Wednesday, March 30, 2016

Albay vice governor, ex-beauty queen seek to upscale local HIV response
By Mike de la Rama

LEGAZPI CITY, March 29 (PNA) -– Albay Vice Governor Harold O. Imperial and former Ms. International 2013 Bea Rose Santiago have urged public-private partnership to upscale local HIV response to meet the Sustainable Development Goals (SDGs).

“As we pledge our commitment to the new Sustainable Development Goals of the United Nations, we know that collectively we can achieve significant results and we need to place supportive policies, with the much-needed budget allocation,” Imperial said.

The vice governor explained that the budget should not be limited to the implementation of health programs for those infected but also for information dissemination or educating the people on the causes and effects of HIV.

“As a community, we have to realize that HIV knows no social, economic or political boundaries. It taints the lives of people it infects, especially the innocent children who are suffering from congenital HIV,” he said.

Imperial said Albay’s development agenda is not enough if "we do not have the support of groups, organizations and individuals. We will only be paying lip-service to our pronouncements if we do not mobilize as a community and act individually and collectively.”

"Our collaborative efforts will surely make a difference to prevent new HIV infection and stop stigma and discrimination in the province of Albay," he added.

Santiago, a strong advocate of reproductive health, said one in three new cases of HIV reported is someone who belongs to the 15-24 age group.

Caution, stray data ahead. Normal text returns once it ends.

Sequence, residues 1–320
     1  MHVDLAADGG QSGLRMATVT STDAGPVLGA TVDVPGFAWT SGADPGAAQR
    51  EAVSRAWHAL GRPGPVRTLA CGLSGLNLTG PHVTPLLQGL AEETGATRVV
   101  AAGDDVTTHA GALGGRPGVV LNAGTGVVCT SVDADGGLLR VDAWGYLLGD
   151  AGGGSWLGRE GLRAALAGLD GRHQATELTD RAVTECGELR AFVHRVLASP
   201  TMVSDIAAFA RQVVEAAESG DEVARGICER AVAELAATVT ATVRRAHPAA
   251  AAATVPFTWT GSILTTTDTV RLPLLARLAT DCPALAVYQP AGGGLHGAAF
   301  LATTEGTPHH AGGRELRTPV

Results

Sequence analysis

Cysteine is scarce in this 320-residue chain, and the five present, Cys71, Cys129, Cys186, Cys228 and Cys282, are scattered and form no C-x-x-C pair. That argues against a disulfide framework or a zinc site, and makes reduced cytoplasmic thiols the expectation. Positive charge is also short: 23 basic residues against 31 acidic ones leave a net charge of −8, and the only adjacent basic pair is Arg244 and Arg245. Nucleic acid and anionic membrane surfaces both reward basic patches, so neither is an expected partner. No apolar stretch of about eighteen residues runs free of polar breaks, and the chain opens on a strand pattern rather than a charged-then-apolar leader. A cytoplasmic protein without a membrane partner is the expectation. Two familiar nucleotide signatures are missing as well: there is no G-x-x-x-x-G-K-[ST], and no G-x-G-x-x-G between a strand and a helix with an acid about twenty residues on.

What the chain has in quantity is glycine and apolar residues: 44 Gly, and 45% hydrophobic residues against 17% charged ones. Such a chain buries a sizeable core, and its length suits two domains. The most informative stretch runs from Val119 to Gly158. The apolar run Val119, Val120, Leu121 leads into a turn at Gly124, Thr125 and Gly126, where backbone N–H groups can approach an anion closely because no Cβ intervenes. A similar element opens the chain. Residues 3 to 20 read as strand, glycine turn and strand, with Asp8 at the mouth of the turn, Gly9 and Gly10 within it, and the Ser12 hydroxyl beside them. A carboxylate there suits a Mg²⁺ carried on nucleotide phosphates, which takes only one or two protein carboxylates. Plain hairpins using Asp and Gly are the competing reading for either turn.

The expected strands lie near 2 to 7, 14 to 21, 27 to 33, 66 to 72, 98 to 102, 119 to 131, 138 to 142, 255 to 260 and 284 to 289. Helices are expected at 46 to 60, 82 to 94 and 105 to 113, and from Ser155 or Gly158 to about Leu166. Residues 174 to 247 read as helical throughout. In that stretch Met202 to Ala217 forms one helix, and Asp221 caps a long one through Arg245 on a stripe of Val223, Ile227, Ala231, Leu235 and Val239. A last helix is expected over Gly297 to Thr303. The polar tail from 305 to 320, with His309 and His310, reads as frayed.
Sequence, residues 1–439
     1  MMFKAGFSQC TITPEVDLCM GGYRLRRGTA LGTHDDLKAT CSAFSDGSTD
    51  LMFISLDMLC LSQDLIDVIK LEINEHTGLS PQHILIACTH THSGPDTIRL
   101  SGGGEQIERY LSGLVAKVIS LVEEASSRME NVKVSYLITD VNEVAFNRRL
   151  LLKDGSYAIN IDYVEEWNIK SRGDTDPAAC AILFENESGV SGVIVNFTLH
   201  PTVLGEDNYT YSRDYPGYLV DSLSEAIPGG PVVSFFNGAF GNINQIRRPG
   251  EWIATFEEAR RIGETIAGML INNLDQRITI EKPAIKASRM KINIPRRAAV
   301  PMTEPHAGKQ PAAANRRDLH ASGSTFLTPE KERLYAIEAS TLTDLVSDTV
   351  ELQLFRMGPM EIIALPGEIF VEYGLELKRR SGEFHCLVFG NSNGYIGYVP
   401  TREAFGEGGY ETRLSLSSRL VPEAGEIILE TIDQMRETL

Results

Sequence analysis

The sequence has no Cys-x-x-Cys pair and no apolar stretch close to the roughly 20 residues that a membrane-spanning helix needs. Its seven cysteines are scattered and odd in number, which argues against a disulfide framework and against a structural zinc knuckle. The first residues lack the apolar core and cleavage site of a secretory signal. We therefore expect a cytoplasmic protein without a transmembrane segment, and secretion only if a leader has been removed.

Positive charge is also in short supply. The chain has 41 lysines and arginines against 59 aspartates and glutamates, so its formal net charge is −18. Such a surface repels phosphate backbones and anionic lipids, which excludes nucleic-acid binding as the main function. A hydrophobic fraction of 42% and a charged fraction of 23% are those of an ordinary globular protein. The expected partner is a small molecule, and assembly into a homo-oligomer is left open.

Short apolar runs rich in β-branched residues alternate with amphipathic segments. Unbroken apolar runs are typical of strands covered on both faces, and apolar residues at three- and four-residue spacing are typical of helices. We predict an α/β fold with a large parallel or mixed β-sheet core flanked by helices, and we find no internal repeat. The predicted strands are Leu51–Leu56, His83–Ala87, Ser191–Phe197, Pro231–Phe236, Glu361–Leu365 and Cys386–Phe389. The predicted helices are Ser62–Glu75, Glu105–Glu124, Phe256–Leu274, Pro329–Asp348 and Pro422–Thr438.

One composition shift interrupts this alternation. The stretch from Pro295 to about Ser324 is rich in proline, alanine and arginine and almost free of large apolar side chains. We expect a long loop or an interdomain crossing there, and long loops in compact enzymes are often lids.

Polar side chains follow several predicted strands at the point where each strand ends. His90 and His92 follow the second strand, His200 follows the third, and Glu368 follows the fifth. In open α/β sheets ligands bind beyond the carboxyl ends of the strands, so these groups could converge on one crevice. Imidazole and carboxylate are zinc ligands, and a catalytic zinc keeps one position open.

“HIV in itself already sounds an alarm. I thank the United Nations Populations Fund for getting me into its work and for the opportunity to reach out to young people, especially young girls, and serve as their inspiration to aspire for more n life,” she said.

The former international beauty queen said private and public partnership is very important to address the global problem.

“But is is more concerning when we learn that among the most vulnerable members of the population are the youth. Being a young is supposed to be the most exciting part of person’s live,” she said.

It is when you enjoy life the most while, at the same time, preparing yourself for the more serious responsibilities of adulthood, the former beauty titleholder said.

Santiago also stressed the impact of knowing to have been infected with HIV at the age of 21, or even younger.

She added that sexual and reproductive choices of young people can have a cascading effect on their human rights.

“Adolescent pregnancy for example can lead girls to drop out of school, which deprives them of their rights to education. Lack of understanding about gender equality can lead to discrimination and other human rights concerns,” Santiago said.

This is reality, she said. But living life and enjoying life do not always have to lead to unplanned pregnancy or HIV.

“This is why I have always spoken strongly about the importance of comprehensive sexuality education, I would say that I am empowered to talk about sexuality education because I was privileged to have that in school in Canada where I spend my teen years," Santiago said.

She further said that comprehensive sexuality education enables young people to make informed decisions about their sexuality.

"When correctly implemented, it introduces appropriate information consistent with the evolving capacities of young people. And when properly taught it can empower both girls and boys to make the right decisions and choices on matters of their reproductive health, including protecting themselves against teen pregnancies, sexually transmitted infections and HIV," Santiago stressed.

“It is about time that we lay down our worries that sexuality education promotes promiscuity. Comprehensive sexuality education does not lead to earlier sexual activity or riskier sexual behavior. Global studies have proven that comprehensive sexuality education reduce risk behavior,” she said.(PNA) LAP/FGS/MDR/CBD/EDS